Capacity Building for Development of Bond Markets in ESCAP Member States
Highlights of the project report
The importance of bond market development has been emphasized after the Asian currency crisis as an alternative and stable source of financing. Having a robust domestic bond market is important for a number of reasons such as providing an alternative source of financing for development investments, reducing maturity and currency mismatch, and providing central banks with the instruments and markets for an efficient implementation of monetary policy. Accordingly, the promotion of the bond market has been actively pursued in Asia since the Asian financial crisis. However, the bond market in the region, excluding some countries of ASEAN+3, are still either not adequately developed or at an early stage of development. The institutional settings are inadequate, and policy framework is weak to provide effective support for the emergence of a well-functioning bond market.
Given its links to government bond issues, monetary and fiscal policies as well as the weak corporate bond markets in most developing countries, the development of bond markets should be initiated by governments in these countries at least at the beginning. Experiences of some selected countries of the region with developed bond markets could be very useful in this process. A number of countries in the region namely Japan, Republic of Korea, Hong Kong, China and a few other countries possess advanced financial sectors, including well developed bond markets. Good practices on policy formulation for institutional development in promoting bond markets in these countries hold very good potential to be adapted in the countries with underdeveloped bond markets in the region. Sharing of such experience will not only enhance the understanding on the effective ways for bond market development but also increase the financial stability of the whole Asia-Pacific region and help providing resources for development. The need for capacity building in this area was highlighted during the policy debate on Monterrey Consensus on Financing for Development at the 61st session of the Commission. Monterrey Consensus has given ESCAP a mandate to take initiatives as a regional commission in strengthening financing for development in the member countries. Furthermore, some countries requested ESCAP to undertake technical assistance for the development of bond markets as a resource mobilization strategy.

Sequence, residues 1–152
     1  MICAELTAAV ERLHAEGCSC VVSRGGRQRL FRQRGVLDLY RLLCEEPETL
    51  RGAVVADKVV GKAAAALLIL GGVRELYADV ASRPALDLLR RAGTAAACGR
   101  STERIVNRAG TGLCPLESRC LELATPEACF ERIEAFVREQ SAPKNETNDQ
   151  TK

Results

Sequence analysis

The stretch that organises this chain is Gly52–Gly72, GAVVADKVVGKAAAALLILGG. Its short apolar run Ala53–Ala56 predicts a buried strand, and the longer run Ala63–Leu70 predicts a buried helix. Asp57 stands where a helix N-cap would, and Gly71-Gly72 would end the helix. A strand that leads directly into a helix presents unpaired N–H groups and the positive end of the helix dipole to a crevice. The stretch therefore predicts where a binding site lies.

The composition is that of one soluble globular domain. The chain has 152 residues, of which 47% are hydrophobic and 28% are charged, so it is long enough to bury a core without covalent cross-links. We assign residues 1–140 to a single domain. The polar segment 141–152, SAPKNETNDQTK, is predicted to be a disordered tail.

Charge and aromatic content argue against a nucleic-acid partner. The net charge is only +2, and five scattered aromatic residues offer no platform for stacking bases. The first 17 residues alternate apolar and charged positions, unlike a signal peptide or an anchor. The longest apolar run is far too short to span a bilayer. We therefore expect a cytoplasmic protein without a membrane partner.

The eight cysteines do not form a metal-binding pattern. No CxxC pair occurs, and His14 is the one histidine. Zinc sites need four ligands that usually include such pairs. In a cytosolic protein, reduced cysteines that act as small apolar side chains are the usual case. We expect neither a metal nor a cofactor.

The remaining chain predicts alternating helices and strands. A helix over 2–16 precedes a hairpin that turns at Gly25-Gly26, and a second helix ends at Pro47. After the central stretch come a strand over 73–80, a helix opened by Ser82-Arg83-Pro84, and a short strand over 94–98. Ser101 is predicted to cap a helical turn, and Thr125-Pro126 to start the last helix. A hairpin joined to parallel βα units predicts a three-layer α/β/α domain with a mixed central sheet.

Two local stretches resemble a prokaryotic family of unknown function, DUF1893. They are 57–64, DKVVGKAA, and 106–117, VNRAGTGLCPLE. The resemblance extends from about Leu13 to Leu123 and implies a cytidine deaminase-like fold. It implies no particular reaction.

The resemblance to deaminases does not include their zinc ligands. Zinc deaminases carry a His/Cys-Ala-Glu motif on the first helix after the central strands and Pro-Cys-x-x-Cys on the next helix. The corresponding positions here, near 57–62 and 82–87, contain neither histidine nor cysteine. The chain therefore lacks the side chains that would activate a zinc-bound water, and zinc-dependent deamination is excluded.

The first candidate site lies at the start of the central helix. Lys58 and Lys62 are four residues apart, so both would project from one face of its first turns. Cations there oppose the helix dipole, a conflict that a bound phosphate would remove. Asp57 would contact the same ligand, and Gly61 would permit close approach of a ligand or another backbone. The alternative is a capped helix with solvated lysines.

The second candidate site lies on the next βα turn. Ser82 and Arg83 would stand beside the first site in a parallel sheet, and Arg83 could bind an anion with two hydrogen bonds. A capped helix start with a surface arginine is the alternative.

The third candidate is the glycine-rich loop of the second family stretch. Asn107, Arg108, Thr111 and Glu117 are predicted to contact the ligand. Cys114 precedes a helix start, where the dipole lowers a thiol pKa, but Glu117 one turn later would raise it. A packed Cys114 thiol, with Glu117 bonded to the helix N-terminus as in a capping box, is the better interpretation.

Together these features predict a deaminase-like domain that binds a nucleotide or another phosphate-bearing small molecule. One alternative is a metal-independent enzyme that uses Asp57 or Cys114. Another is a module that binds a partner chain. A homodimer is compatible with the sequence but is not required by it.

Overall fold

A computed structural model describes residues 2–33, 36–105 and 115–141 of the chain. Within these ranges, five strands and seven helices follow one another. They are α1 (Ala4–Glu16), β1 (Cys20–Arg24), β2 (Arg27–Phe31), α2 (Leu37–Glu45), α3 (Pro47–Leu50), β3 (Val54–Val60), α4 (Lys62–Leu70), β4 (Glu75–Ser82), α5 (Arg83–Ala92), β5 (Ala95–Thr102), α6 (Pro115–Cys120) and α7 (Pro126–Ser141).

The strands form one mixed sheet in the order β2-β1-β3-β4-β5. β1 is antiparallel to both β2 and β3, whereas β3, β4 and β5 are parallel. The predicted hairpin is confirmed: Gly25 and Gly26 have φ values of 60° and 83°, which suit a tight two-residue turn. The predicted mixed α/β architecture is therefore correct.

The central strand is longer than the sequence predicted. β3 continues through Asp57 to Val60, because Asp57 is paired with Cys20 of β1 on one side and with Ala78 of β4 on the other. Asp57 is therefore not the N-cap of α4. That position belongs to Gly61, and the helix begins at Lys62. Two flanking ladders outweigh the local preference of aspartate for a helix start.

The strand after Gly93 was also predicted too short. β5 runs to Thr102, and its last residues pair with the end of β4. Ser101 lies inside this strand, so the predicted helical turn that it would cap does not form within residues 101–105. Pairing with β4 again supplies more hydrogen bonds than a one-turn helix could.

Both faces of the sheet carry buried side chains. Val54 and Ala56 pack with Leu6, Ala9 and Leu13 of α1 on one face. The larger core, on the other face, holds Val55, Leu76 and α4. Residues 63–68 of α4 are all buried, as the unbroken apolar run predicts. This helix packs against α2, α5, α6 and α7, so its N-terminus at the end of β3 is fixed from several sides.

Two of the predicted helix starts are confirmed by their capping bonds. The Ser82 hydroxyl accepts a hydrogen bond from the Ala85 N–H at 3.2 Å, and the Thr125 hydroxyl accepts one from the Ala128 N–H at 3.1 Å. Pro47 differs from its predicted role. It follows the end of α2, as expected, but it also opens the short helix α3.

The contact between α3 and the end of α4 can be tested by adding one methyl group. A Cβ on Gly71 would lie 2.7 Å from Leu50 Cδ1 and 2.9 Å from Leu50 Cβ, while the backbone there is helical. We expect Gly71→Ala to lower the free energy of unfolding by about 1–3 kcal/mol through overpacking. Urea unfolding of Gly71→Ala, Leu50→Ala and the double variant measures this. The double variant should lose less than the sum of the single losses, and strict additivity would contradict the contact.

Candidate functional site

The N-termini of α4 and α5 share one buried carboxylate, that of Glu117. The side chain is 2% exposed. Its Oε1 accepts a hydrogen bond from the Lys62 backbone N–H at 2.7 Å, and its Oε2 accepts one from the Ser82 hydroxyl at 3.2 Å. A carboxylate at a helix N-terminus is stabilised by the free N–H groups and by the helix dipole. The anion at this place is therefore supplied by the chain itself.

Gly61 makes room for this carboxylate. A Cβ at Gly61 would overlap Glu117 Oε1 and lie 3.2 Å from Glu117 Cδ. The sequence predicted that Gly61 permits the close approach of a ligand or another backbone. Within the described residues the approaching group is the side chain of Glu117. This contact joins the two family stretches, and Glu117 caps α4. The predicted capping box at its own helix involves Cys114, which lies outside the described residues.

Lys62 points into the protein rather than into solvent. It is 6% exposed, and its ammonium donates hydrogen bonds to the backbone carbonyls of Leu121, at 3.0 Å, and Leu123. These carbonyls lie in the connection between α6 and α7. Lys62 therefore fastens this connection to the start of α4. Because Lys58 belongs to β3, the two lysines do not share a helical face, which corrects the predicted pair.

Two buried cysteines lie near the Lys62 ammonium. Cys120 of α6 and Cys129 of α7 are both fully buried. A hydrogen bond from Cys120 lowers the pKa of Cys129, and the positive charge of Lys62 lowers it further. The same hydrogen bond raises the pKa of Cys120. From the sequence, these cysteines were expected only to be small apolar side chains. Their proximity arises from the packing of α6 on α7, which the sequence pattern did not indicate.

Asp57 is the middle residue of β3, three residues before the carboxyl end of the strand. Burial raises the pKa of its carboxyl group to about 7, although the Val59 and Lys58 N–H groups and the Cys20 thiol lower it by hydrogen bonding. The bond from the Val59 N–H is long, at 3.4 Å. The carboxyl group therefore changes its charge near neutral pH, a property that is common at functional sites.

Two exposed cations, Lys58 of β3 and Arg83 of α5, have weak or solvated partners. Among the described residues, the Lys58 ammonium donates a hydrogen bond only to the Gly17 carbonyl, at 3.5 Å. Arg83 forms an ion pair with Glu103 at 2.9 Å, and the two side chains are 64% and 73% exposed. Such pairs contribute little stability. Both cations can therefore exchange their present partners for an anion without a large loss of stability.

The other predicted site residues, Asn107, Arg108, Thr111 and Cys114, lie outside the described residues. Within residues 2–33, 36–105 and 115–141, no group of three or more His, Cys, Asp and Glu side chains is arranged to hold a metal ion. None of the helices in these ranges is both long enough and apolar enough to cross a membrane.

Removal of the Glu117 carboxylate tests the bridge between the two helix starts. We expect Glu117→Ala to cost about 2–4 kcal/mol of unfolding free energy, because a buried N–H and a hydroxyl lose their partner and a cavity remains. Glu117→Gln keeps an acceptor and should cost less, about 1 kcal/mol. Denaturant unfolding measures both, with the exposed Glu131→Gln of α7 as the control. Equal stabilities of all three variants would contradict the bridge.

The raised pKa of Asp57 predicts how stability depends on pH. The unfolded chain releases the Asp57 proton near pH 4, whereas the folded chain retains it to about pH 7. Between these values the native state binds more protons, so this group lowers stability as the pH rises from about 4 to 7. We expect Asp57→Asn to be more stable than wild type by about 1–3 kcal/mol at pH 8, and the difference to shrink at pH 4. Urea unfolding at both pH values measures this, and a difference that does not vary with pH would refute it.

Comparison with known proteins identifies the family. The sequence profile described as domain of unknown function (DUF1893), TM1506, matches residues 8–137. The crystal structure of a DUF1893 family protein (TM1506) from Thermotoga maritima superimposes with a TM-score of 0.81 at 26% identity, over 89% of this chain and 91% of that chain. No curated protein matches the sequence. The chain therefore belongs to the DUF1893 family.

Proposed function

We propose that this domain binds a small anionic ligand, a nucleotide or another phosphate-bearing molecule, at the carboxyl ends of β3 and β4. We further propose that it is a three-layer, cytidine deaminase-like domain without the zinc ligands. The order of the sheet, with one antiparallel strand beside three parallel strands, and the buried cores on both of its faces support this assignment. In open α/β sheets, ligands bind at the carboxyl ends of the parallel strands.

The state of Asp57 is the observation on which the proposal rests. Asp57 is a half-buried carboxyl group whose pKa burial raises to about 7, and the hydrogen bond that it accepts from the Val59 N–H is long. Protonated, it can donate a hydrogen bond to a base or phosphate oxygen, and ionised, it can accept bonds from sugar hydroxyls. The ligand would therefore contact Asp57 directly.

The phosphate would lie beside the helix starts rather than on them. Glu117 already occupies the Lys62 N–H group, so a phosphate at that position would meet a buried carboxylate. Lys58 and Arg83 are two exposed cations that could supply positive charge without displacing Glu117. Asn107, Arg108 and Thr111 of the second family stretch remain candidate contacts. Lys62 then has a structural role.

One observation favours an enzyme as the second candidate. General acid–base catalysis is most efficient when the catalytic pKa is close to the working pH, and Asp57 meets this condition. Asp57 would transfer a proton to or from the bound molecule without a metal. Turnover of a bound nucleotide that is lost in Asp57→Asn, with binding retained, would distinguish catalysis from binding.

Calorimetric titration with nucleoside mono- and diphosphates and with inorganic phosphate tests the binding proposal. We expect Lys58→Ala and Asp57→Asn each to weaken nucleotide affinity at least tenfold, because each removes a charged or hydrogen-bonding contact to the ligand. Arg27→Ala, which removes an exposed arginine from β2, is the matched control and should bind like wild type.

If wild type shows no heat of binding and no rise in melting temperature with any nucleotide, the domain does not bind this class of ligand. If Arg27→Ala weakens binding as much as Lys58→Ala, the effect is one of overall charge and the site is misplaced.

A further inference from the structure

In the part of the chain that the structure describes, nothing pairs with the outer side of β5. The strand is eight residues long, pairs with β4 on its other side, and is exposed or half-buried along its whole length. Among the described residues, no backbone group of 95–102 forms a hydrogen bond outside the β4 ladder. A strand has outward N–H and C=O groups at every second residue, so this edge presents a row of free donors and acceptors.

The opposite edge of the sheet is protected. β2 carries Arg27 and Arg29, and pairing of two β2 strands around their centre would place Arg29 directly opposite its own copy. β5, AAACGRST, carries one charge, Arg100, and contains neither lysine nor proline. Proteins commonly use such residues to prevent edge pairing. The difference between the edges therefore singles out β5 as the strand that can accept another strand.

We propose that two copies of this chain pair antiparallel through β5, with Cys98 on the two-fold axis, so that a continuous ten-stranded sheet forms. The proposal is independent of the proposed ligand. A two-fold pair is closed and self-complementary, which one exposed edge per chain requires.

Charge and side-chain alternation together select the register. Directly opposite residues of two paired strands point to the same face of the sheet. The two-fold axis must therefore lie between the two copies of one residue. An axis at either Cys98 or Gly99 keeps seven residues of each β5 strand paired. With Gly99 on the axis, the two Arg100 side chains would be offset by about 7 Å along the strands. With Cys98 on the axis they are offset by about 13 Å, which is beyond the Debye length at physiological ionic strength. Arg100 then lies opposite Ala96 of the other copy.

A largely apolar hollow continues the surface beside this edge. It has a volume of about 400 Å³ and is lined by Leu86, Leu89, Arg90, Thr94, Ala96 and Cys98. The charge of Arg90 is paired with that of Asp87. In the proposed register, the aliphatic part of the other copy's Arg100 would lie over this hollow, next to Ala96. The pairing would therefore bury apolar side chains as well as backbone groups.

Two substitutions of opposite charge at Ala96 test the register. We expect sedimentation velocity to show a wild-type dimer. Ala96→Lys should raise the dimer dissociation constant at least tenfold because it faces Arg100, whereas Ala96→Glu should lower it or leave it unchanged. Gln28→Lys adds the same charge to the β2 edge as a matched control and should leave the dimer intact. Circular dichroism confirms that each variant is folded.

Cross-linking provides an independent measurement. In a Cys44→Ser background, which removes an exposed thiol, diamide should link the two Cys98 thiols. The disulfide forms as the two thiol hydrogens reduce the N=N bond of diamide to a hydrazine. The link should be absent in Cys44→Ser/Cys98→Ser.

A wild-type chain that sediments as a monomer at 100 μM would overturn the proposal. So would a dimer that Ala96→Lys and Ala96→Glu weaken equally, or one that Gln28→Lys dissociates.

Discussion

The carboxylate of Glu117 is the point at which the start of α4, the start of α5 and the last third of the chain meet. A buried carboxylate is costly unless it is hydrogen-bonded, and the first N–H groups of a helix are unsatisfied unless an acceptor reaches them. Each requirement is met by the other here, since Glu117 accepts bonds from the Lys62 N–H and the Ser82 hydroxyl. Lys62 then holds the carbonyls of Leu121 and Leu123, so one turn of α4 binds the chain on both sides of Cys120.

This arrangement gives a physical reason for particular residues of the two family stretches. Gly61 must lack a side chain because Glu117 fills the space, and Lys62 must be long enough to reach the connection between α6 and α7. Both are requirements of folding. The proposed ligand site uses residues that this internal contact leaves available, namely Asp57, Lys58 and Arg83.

In this regard, ESCAP designed and implemented the project on “Capacity Building for Development of Bond Markets in ESCAP Member States” supported by the Government of Republic of Korea to strengthen and improve the policy framework for establishing an efficient bond market for effective domestic resource mobilization in selected participating countries. Countries selected included Sri Lanka, Mongolia, Pakistan, and Bangladesh as the first group of target countries. Countries with developed bond markets such as the Republic of Korea and Japan were selected to learn from their experiences. As a part of the main activities of the project, a regional workshop was held in Bangkok, Thailand (during 14-15 February 2007). The first national workshop was held in Ulaanbaatar, Mongolia (during 21-22 June 2007) and the second national workshop was held in Colombo, Sri Lanka (22-23 November 2007). Many foreign and local experts from various organizations such as ADB, JBIC, central banks, ministries of finance as well as public and private financial institutions participated in the workshops to discuss various issues and challenges on the bond market development in their respective countries, and formulated way forwards for bond market development. This project has been implemented as part of the follow-up activities of the “Jakarta Declaration on Enhancing Regional Cooperation in Infrastructure Development, including that related to Disaster Management” adopted at the 62nd Commission session of the UNESCAP.
The following report is based on the papers presented and discussed at the above regional and national workshops. Taking account of the policy implications, the report is composed of following eight sections:
Section 1: Introduction
Section 2: Why Bond Markets are Needed?
Section 3: Debt Management
Section 4: Challenges to Bond Market Development in Asia
Section 5: Factors Affecting Bond Market Development
Section 6: Capacity Building Initiative by International Agencies
Section 7: Lessons from Japan and the Republic of Korea
Section 8: The Way Forward